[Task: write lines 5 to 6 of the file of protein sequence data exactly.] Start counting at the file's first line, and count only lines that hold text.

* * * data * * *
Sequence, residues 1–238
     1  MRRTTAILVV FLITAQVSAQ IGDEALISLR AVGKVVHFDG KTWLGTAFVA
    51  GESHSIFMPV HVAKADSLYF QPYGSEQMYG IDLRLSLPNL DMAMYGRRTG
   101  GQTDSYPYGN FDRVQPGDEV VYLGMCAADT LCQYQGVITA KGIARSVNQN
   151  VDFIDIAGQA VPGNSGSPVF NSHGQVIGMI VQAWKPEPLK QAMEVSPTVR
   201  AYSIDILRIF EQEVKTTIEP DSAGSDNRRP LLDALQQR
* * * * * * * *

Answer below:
   151  VDFIDIAGQA VPGNSGSPVF NSHGQVIGMI VQAWKPEPLK QAMEVSPTVR
   201  AYSIDILRIF EQEVKTTIEP DSAGSDNRRP LLDALQQR